You can kind of get a sense of scale by the chicken that almost comes up to his knee.
It looks like Thomas is kissing Wally, but that is how animals in the CAMELID family say hi. (Llamas and alpacas are in the same family, btw.) It’s sort of like dogs smelling each others’ butts, but nicer and much more sanitary. Camelids say hello by smelling your exhales through your nose. It can be intimidating to have these creatures stick their face in yours immediately upon meeting- especially when they are infamous for spitting- but do it anyway. In my experience, llamas and alpacas only “spit” -it’s really closer to projectile vomit-when they are frightened. And they give plenty of warning signs before they spew, but that’s another post.
This is my youngest Spawn, Danny. He and Thomas seemed to really “get” each other.
I had no idea there was an empty spot in my heart that only a camel could fill. Wally has raised several up here, and when we asked the USDA inspector what would be required to add a camel to the petting zoo, we were surprised that it wouldn’t take much. He would need a six foot tall fence and tall shelter that would be warm in the winter (and food and water and vet care and and and…)
Now if I could talk Mr. Wonderful into letting us put a camel in our basement…just for the winter.
A Pajari Girl can dream, right?? It’s tall enough, it’s warm enough, and it has a sand floor. AND THERE WOULD BE A CAMEL IN MY BASEMENT!!!!! Omigod it would be GREAT. He doesn’t even smell bad. I checked. Kind of dusty, but that’s about it. And my sister knows a lot more than she thinks she does about Camelids. And Dr. Rathji (sp?) already comes to see the llamas and alpacas.
While I was busy figuring out how to talk Paul into it, Danny followed Wally and Lois into another barn.
“Um, mom? There’s a zebra in here.”
“That’s nice..what the hell??” Sure enough, a zebra and a donkey were sharing a pen in the hopes of producing a zonkey.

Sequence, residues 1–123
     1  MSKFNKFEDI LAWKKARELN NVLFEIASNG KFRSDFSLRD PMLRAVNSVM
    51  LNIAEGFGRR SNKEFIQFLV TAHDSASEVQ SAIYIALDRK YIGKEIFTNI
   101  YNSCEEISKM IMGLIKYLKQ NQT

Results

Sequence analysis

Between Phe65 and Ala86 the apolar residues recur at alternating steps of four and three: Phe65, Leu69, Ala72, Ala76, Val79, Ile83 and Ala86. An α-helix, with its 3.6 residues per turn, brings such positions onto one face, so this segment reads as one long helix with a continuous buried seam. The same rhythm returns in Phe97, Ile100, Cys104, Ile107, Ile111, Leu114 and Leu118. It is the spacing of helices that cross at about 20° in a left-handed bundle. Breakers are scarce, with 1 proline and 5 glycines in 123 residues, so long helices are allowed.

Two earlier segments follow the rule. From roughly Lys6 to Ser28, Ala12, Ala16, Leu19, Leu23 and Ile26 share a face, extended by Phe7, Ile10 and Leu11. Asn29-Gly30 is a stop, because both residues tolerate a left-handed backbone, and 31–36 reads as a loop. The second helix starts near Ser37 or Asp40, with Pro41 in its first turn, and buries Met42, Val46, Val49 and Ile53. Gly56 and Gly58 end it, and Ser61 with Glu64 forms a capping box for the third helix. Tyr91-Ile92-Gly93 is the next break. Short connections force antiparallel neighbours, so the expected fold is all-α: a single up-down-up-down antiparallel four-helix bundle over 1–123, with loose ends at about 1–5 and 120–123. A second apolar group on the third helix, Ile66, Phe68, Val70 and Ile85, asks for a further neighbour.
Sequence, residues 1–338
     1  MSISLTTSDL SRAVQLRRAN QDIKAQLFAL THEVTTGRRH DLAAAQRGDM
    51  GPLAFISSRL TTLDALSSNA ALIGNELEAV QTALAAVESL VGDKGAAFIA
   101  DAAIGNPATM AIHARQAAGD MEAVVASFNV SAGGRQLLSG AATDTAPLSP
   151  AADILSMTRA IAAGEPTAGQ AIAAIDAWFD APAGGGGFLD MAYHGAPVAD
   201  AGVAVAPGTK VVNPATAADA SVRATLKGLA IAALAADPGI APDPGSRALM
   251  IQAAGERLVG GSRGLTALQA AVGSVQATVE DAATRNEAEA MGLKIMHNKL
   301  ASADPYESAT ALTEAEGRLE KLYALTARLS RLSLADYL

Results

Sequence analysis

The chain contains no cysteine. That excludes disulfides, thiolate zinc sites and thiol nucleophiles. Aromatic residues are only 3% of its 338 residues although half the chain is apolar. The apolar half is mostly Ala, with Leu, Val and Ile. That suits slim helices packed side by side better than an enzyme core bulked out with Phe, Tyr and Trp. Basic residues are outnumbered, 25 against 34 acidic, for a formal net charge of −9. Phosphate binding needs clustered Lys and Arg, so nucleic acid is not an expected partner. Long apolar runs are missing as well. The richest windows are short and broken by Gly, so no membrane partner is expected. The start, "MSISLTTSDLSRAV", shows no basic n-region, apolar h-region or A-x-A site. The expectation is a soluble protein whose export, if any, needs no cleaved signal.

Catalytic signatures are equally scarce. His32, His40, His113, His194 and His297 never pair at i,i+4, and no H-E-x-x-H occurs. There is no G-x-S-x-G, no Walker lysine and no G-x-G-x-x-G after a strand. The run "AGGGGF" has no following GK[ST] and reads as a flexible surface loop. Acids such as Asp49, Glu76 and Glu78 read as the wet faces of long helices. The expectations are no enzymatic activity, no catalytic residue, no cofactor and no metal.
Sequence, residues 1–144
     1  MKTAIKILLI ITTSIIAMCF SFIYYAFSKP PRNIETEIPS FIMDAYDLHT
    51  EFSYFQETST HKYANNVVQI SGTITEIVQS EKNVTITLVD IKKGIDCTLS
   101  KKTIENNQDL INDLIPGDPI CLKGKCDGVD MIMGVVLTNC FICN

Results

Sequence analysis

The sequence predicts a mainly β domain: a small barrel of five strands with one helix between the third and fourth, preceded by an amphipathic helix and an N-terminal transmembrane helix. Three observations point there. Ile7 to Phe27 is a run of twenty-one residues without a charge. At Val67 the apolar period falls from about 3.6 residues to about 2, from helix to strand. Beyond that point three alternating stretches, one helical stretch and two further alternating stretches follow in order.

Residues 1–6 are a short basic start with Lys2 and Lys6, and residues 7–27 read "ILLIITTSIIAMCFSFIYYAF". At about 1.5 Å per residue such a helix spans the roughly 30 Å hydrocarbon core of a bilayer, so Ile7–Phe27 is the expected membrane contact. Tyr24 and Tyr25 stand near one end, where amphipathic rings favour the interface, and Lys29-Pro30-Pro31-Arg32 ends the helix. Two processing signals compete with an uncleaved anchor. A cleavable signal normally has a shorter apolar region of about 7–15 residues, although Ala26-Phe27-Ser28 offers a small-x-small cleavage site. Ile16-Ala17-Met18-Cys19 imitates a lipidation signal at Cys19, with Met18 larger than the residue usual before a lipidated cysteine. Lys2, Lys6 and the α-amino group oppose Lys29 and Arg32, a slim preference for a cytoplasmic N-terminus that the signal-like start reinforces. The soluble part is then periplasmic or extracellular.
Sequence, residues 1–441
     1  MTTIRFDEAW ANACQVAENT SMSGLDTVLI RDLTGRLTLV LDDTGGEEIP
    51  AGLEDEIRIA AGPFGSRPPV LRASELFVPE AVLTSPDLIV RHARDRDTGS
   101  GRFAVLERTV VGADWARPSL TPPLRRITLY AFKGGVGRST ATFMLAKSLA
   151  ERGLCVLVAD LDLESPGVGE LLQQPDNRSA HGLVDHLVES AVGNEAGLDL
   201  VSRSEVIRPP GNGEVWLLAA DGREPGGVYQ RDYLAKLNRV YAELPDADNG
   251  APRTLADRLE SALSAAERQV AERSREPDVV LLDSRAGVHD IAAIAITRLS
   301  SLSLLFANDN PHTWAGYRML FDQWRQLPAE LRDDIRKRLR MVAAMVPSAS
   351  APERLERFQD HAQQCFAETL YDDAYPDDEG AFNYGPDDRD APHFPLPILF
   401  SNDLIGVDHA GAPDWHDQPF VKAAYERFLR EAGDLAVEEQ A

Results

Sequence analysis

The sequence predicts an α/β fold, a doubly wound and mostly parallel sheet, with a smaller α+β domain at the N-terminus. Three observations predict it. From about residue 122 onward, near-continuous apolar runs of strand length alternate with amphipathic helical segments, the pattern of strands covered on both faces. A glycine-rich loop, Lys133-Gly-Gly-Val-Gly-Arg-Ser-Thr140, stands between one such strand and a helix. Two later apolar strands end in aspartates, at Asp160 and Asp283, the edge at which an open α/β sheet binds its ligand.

And around the corner from THAT? Fallow deer.
And these are Suri alpacas. Lois really needs some of these, because she already has Huacayas. (Madelyn and Maddox.)
But I keep going back to a camel. Thomas in particular. He is so friendly!! The perfect camel for a petting zoo! Hmmmmm. If you could just mention it to Mr. Wonderful, aka Mr. Clean, aka Larry, aka Paul, that would be great. 😉
This was my first official blog post, almost two years ago. Please check it out. It tells all about why you can Google Queen of Poo and Lois shows up. 🙂 Oh, and fun facts about fertilizer are also included. Welcome! Loveyabye
So my sister and I were sitting by the bonfire tonight, talking about all the by-products we use from The Funny Farm (now Cook’s Country Connection), and naturally the talk turned to poo. Her critters produce a LOT of it. And since we are both avid gardeners, this is a good thing. The trouble is, all poo is not created equal. Thus, I decided to share an overview of the poo we fertilize with, and why. (Please note: NPK is the amount of Nitrogen, Phosporus, and Potassium in fertilizer. Most synthetic fertilizer is 20, 10,5. However, we prefer the organic, homegrown type that comes from all the critters. It takes a bigger volume of fertilizer, but it’s worth it. And free. And we have to something with all that poo!)
Horse/Donkey Poo: Little Bit, Itchy, Squirt, Toby and Jack eat a LOT. Horses are less-efficient at digesting than other farm…
I like having my chickens free to do as they choose during the day. They eat bugs and seeds and they look kinda cute bopping around the farm.
The problem with chickens being loose, is that a few of them have it in their heads to lay their eggs outside of their nest boxes. This makes every other day a bit like Easter. We have enlisted the help of local kids to stalk the chickens like little ninjas to find the day’s haul.
Once the nest is located it is best to put a “dummy egg” or two in the nest . Chickens are dumb, but they aren’t that dumb. If they go to lay a second egg in a nest and find the first egg gone, they will move on and find another spot to lay….this results in more ninja neighbor kids stalking chickens… You can see the problem. For crying out loud, I have a zoo to build….I can’t keep hunting down dang eggs every day.
Most of the summer we have had a chicken with a cozy nest spot in the corner of the old root cellar nestled in my lilies.
Lately though the dummy eggs were coming up missing…what the heck? Is there a fox stealing the eggs? Some other predator?
Sissy and her trail cam to the rescue! Within minutes we had our perpetrator.
That fuzzy little butt looks awfully familiar….GUSGUS!!!!!
Remember what happened to the chicken caught eating eggs….